Metin Reyhanoglu and Ozden Akin

This study aims to investigate the impact of toxic leadership, organizational justice and organizational silence on hospital employees' intention to leave their jobs.

Abstract

Purpose

This study aims to investigate the impact of toxic leadership, organizational justice and organizational silence on hospital employees' intention to leave their jobs.

Design/methodology/approach

A questionnaire survey was conducted with permanent and contractual employees of a university teaching hospital, including nurses, medical assistants, health technicians and clerical staff. Structural equation modeling was used to develop and test the model.

Findings

The findings reveal that toxic leadership is directly and negatively related to organizational justice, while all dimensions of organizational silence and the intention to leave are positively related. In this model, the coefficients of the relationships are found to be higher, almost doubling in permanent employees than in contracted employees, except for the relationship between toxic leadership and silence to protect the organization. This exception lies in the fact that permanent workers with long-term employment have been dealing with the managers for many years.

Research limitations/implications

The model can be extended with counterproductive behavior, work performance and satisfaction measures and work stress and compared with different sectors using higher sample volumes.

Originality/value

In the human-centered health-care industry, it is essential to know the way leadership behaviors guide health-care professionals. The negative leadership behaviors can negatively affect both employees' self-esteem and their attitudes toward patients and their relatives. The results of the present study are expected to contribute to the development of more effective manager selection and promotion policies by policy-makers as well as the determination of short- and long-term employment policies.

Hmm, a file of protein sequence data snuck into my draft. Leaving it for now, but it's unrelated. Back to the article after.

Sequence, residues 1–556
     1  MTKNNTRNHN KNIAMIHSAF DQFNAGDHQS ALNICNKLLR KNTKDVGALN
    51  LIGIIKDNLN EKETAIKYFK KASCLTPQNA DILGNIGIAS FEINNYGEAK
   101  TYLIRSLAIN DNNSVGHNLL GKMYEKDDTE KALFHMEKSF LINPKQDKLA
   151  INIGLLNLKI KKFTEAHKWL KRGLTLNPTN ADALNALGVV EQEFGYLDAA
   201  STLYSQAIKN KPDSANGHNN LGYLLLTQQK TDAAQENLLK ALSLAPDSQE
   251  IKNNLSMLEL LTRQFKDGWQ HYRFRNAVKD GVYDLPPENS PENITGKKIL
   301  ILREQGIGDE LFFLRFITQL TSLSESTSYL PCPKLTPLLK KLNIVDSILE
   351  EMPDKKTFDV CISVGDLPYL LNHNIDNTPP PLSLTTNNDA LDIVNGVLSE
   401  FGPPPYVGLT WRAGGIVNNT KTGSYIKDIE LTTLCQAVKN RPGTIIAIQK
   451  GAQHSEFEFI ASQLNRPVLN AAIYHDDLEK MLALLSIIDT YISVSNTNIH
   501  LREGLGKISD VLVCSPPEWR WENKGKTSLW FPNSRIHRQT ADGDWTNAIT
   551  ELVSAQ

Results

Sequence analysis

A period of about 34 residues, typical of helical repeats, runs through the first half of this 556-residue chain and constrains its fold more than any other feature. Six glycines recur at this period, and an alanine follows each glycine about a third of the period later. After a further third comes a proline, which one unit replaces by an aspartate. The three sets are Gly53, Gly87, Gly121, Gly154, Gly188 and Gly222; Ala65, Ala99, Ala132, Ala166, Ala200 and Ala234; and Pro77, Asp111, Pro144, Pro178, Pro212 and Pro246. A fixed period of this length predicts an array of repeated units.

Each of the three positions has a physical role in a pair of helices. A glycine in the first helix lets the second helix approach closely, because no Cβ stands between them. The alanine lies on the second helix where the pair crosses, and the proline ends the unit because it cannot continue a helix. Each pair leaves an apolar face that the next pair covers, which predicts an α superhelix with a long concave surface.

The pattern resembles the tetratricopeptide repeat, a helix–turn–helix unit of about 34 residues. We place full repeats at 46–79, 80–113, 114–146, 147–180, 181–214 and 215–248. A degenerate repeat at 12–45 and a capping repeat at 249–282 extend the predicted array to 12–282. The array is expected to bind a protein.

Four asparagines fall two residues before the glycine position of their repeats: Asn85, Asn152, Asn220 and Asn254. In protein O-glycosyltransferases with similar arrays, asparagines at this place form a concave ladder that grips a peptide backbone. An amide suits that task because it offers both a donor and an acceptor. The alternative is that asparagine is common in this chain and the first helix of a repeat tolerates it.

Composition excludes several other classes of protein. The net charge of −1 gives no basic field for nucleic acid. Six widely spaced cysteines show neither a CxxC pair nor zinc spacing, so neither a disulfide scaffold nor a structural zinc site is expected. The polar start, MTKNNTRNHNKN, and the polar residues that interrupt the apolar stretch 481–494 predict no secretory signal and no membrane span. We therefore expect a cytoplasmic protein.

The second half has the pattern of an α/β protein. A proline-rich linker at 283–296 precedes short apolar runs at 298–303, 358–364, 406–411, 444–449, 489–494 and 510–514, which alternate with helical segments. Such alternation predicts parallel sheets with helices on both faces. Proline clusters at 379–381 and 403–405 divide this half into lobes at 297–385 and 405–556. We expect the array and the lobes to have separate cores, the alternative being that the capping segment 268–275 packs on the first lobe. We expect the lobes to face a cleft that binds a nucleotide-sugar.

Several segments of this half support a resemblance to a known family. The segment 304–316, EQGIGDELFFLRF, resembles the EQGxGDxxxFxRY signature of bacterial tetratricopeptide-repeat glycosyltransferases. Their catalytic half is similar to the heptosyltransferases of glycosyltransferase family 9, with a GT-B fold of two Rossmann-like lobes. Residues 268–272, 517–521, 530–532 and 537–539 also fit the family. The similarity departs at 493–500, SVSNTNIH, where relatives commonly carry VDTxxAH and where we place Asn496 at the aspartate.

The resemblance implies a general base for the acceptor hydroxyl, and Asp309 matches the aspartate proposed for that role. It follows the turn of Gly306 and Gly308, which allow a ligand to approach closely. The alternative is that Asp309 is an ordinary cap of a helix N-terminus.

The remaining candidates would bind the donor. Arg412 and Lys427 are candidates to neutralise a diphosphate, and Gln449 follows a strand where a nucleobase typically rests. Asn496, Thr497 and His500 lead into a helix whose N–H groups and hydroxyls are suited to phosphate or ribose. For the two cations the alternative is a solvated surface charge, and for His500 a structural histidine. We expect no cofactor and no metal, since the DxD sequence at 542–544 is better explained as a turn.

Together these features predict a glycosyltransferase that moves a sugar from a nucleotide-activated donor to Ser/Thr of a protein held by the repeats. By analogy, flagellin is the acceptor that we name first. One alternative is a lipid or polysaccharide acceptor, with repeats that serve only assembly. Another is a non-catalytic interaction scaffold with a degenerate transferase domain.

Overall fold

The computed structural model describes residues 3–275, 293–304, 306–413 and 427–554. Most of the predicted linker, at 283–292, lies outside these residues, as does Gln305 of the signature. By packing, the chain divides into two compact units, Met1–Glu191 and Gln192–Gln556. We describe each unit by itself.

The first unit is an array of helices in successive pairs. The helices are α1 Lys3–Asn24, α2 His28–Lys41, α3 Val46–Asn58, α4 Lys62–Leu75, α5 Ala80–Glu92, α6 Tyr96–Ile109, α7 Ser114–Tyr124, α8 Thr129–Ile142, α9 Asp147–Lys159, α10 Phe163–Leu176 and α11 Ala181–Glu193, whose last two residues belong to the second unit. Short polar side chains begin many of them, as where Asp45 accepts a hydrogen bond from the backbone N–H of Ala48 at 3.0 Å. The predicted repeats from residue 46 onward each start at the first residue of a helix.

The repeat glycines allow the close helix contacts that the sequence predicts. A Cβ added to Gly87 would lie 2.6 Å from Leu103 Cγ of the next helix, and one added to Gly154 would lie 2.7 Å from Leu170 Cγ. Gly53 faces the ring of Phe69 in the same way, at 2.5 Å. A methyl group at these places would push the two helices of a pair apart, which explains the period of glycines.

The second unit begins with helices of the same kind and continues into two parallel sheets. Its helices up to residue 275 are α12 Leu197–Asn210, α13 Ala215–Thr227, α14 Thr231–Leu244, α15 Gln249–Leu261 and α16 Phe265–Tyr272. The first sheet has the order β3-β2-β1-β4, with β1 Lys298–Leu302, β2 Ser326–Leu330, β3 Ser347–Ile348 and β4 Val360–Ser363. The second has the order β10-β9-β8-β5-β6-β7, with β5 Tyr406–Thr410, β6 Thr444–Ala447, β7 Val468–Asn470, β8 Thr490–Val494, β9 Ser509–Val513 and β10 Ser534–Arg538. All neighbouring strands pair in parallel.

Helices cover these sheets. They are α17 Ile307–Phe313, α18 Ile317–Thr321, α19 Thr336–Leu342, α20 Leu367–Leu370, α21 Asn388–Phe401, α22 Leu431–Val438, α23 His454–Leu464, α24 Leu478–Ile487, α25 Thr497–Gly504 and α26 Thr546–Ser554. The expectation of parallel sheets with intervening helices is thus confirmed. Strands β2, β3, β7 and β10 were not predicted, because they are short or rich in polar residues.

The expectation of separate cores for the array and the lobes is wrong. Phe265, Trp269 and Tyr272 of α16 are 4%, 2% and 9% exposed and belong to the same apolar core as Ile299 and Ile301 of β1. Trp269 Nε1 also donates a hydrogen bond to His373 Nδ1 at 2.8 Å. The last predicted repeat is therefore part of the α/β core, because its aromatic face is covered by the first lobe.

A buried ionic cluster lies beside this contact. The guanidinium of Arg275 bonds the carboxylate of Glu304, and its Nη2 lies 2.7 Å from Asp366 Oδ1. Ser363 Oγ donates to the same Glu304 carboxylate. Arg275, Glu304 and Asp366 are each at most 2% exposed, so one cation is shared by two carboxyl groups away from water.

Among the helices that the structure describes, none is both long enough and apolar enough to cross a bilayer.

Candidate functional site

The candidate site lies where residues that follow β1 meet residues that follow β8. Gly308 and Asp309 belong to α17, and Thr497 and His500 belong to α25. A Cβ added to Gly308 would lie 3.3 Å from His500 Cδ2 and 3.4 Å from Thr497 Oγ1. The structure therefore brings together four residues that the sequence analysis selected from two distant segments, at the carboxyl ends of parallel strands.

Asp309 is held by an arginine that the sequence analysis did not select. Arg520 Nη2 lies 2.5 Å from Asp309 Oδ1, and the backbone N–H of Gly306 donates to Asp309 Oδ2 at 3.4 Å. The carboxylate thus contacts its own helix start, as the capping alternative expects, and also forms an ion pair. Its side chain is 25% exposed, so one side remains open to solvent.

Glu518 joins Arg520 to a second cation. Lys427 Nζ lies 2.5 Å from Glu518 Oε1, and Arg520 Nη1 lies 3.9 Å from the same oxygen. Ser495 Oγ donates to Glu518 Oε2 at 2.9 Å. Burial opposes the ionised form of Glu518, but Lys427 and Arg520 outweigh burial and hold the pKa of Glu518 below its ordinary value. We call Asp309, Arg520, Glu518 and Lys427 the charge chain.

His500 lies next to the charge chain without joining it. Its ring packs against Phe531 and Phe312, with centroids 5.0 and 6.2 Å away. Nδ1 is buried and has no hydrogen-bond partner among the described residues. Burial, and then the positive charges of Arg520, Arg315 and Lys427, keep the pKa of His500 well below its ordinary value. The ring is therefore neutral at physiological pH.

Details

Journal of Economic and Administrative Sciences, vol. 38 no. 1
Type: Research Article
ISSN: 1026-4116

Keywords

Article
Publication date: 20 September 2011

Ioannis Nikolaou, Maria Vakola and Dimitris Bourantas

This paper aims to explore the role of organizational silence and trust on employees' attitudes in a post‐merger stage.

4164

Abstract

Purpose

This paper aims to explore the role of organizational silence and trust on employees' attitudes in a post‐merger stage.

Design/methodology/approach

The results of two independent studies are presented; participants completed measures of organizational trust, organizational silence and merger attitudes (organizational commitment and employee satisfaction) a few months following the announcement of the merger. Hierarchical regression analyzes were used to explore the hypotheses.

Findings

The results show that organizational trust is negatively related to organizational silence and positively to merger attitudes. Further, the significant role of organizational silence in a post‐merger state was also identified through the negative relationships with merger attitudes, but mainly through the significant mediating effect of silence between organizational trust and merger attitudes.

Research limitations/implications

The study used self‐report measures, but necessary actions were taken in order to reduce the effect of common method variance. Therefore, it should be cross‐validated with different research designs (e.g. longitudinal research) in other countries.

Practical implications

The findings provide further support on the significance of organizational silence in work settings, especially at major organizational turnarounds.

Originality/value

The most significant contribution of the study is that it explores for the first time the role of organizational silence in a post‐merger stage and its relationship to organizational trust.

Article
Publication date: 1 October 2005

Maria Vakola and Dimitris Bouradas